Your favorite soap is on TV. You settle on the sofa with that box of chocolates from Valentines, and invite Rover to snuggle beside you. Unfortunately, Rover snags a chocolate, and when you try to get it back, he growls. You heard chocolate is bad for dogs so you insist he drops his ill-gotten gains and grab at him – at which point he bites you.
Is this scenario familiar to you?
If it is, you are not alone. Food motivated aggression is a common problem with many dogs. And thinking about it, it’s no big surprise.
To a dog, food is a high value resource. A dog faced with the chance to steal a snack, asks himself the following two questions at an instinctive, subconscious level: First, he considers how much he wants the snack (it’s super yummy, so the answer is – LOTS); Secondly, he wonders how likely he is to suceed if he snatches it.
Now this second question is particularly noteworthy, because the chances are if he catches you by surprise and growls (he’s an angel the rest of the time) you’ll back down. And if you don’t, and try to prise the treat from his mouth, he may bite- and then you definitely give up. This means he’s learnt he has the power to win in this situation. And NO – the answer is not to challenge him further – you will get bitten and the dog won’t learn anything other than to bite quicker and harder.
So what should you do?
If he steals something you need back (for instance, your diamond engagement ring) then provide him with something more attractive – in other words scatter scrummy treats around him so he drops the stolen object to retrieve the treats.
In the short term (while you retrain Rover) don’t put temptation in his way. Stealing is its own reward, so whilst he has the opportunity the retraining isn’t going to get anywhere.
Either resist snacking on the sofa or put him in another room altogether. Resist the temptation to put him in his crate (UNLESS he’s trained to go in willing and happy to be there). If not, crating him to stop him getting the snack is a form of punishment which will make him view the crate as a prison.
Living in Harmony
In the long term you need to re-educate your dog’s ‘table manners’ and this means training. There are a number of things you can do.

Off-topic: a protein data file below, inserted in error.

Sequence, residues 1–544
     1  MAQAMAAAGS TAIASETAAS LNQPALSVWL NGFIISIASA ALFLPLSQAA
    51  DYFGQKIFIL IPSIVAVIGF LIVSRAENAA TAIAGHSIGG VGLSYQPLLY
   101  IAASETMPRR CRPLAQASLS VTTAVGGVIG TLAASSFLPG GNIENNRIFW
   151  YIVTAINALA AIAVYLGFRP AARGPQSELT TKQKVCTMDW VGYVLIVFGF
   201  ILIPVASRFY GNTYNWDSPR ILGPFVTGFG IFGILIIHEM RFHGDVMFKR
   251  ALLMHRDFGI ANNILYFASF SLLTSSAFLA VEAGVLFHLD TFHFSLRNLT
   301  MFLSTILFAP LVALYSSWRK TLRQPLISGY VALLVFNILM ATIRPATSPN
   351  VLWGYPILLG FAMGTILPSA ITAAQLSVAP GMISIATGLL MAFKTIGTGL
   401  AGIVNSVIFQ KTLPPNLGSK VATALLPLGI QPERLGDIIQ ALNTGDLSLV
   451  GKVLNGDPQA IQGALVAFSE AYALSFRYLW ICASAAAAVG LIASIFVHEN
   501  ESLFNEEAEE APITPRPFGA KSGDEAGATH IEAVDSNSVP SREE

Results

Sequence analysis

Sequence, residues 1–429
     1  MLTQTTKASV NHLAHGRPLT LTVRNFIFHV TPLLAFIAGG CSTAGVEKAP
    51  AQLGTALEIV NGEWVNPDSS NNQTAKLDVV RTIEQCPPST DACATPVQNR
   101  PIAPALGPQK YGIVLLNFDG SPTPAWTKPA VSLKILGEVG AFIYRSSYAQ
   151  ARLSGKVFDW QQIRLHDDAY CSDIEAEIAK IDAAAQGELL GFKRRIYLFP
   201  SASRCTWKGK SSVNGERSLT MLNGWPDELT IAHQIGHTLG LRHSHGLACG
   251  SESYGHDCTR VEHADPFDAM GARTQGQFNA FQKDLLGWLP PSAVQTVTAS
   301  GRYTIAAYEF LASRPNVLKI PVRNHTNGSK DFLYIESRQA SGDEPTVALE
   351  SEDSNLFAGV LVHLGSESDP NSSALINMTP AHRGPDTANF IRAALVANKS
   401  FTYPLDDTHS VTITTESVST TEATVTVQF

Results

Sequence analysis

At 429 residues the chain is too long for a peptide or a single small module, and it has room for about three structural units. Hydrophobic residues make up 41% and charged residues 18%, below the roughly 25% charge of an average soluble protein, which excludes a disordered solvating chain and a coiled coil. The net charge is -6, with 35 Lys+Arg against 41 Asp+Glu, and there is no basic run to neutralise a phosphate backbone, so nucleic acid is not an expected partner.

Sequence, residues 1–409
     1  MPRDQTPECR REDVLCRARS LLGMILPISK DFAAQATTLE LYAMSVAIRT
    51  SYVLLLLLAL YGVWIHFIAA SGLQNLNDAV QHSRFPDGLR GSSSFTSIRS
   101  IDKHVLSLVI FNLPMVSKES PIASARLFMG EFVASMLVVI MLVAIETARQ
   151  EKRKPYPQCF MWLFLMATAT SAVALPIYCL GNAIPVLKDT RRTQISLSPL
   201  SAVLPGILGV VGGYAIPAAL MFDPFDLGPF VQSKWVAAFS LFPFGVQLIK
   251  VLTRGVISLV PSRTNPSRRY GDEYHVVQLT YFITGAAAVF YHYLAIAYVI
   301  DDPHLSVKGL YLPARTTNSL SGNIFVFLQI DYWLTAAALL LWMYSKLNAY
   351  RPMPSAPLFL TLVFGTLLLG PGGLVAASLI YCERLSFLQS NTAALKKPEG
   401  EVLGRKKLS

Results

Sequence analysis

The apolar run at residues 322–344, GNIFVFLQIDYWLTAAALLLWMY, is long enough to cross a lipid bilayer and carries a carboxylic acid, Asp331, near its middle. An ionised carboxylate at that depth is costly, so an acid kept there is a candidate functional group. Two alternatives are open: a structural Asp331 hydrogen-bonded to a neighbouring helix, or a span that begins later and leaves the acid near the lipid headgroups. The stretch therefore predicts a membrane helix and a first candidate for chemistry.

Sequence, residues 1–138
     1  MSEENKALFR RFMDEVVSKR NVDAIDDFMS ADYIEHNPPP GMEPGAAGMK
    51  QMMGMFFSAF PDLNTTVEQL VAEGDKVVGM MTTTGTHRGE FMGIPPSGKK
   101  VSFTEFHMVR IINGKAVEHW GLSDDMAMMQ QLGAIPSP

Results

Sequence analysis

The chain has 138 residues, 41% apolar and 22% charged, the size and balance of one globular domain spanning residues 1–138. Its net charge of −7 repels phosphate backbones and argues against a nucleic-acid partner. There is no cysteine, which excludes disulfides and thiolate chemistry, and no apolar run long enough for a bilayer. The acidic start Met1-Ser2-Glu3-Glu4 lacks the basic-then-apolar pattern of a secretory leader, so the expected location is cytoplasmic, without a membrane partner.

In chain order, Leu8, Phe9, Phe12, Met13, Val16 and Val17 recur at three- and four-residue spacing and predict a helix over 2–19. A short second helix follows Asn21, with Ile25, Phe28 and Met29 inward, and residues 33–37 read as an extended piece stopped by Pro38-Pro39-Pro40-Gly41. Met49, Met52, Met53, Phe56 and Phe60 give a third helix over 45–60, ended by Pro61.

Clicker training teaches a dog there’s a guaranteed treat in the offing when he performs a desired action. Use clicker training to teach your dog to lie on his cushion while you watch TV. This buys you some space of your own to relax. And if he stands with the intention of stealing your snack, repeat his click-and-command to go to his cushion (and then give him a reward by tossing him a treat). To learn more on Clicker Training please check our post here.
Teach him bad things happen when he approaches the snack. Start with him resting on his cushion a few feet from the sofa and place the snack on a table in front of the sofa. Position a motion-activated compressed air spray, so that if he moves towards the table he gets a squirt of compressed air. (This way he doesn’t associate the unpleasant experience with you but with the snack.) Immediately click-and-command him back to his cushion and reward with a treat. You get the idea…a sort of bad cop / good cop routine.
Offer an alternative
It helps to offer him an alternative to stealing the snack. If you’ve settled down to a good movie, why not settle him on his cushion with a Kong stuffed with tasty goodies – that will keep him busy for a while.
Remember, food is a high value resource – so use this to your advantage. Take control by training him to go to a cushion, or quiet place, and offer him alternative. And in the meantime avoid confrontation by not putting temptation in his path.
p.s. Check out also our post Dealing with Canine Aggression!